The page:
It wasn’t a plane and, no, it wasn’t a man with funny underwear over his tights.
But it was a funny-looking bird that looked orange and sick as it lay by the highway in Buckinghamshire in England early last week.
According to CNN, it baffled staff at a UK animal rescue centre until they realised it was just a seagull covered in curry.
“It’s a seagull covered in curry,” declared the chief vet after a judicious sniff at said gull. “How perfectly foul.”
The prudish staff at the Tiggywinkles Wildlife Hospital were shocked: they knew that fowl was a four-letter bird.
Actually, the bird – named Vinny after vindaloo – was an insecure gull which longed to be an eagle. As gulls went, it was big and was easily big enough to be a D-Gull but not quite big enough to be an eagle.
That depressed the less-than-big bird as it contemplated the bleak and existential question that has tormented glum gulls for millennia: how could it soar like an eagle when it was surrounded by turkeys?
As it flew disconsolately over the cerulean-blue waters of the Buckinghamshire Bay, its answer came in a flash.
The answer was vindaloo.
The near-magical powers of vindaloo have been voluminously documented and chiefly revolves around its prodigious propensity to cure constipation.
History buffs will be interested to know that it was invented around the 13th Century by one Aravinda Pillai who was born in the village of Trissur in Kerala, India.
Even as a child, Aravinda was fascinated by flavours and all things spicy. At a precocious nine, he managed, one morning, to cook pancakes for breakfast. Aravinda was thrilled but his siblings were deeply upset.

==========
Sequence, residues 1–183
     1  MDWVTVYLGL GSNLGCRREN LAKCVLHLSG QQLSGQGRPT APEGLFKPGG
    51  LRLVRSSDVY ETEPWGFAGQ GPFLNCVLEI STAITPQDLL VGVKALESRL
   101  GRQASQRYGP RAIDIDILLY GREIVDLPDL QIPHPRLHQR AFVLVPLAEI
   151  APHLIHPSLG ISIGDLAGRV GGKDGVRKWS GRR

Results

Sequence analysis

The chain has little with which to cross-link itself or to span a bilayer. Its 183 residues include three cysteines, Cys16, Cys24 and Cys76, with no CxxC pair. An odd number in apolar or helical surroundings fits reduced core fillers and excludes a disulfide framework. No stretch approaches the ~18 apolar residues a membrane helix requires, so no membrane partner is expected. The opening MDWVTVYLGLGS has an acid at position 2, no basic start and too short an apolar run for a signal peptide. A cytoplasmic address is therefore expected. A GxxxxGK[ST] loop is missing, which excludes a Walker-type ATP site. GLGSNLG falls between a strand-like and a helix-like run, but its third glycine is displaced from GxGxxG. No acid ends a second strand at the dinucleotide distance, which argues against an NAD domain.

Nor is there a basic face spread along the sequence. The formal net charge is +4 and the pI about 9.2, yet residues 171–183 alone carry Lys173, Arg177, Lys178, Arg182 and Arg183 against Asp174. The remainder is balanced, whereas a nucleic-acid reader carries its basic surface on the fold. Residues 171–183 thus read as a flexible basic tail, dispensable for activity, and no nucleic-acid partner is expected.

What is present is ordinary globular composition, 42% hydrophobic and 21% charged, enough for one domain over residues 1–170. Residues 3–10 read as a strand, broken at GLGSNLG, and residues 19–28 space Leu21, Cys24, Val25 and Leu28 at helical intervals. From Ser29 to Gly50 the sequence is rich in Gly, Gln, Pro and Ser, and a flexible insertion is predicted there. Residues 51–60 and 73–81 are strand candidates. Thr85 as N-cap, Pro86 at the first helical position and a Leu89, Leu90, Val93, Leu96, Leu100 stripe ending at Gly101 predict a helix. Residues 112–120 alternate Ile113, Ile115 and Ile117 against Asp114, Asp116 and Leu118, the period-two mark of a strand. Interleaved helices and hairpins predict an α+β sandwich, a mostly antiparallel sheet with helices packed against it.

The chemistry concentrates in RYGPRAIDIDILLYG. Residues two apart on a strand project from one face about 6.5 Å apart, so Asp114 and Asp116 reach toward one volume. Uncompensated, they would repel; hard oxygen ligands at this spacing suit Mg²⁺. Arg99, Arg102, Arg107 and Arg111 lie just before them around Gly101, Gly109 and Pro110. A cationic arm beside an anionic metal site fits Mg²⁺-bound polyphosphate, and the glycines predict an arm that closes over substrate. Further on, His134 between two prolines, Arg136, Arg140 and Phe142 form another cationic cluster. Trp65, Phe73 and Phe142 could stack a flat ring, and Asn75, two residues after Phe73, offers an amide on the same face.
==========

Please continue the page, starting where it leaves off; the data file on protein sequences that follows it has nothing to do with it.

Pancakes had been their favourite rabbit.
As he grew older, however, his fame as a cook rose until he was appointed as chef in the palace in Kerala’s royal capital of Trivandrum. And, one fateful day, the King himself confessed to being bored with the pedestrian fare being served up and beseeched Aravinda to come up with something original.
He was still thinking about it when his eye fell casually on some apple cider vinegar – used for washing hair – in his bathroom.
It takes true genius to recognise serendipity when it looks you in the eye but Aravinda was equal to the task.
He instinctively knew that if he simmered lamb stock and vinegar, sugar, salt and seasonal spices with choice cuts of lamb for just long enough, he would end up with a succulent, falling-off-the-bone lamb dish fit for a King.
The monarch agreed and named the dish after his Chef in a Bathroom. In short, His Majesty decreed that it should forever be called Vindaloo.
Vinny, the sad seagull, knew all about the restorative powers of the delectable dish created by Aravinda all those years ago. It also knew that when cooked perfectly, vindaloo is golden.
Which is why it seagull-dived into an industrial-sized vat of vindaloo outside the biggest curry-house in Buckinghamshire.
The bird was lucky in that the dish had been cooling for some time so it escaped being cooked.
Animal lovers will be delighted to know that Vinny has made a complete recovery.
But his vets have advised that trying to be a golden eagle may be prejudicial to its health.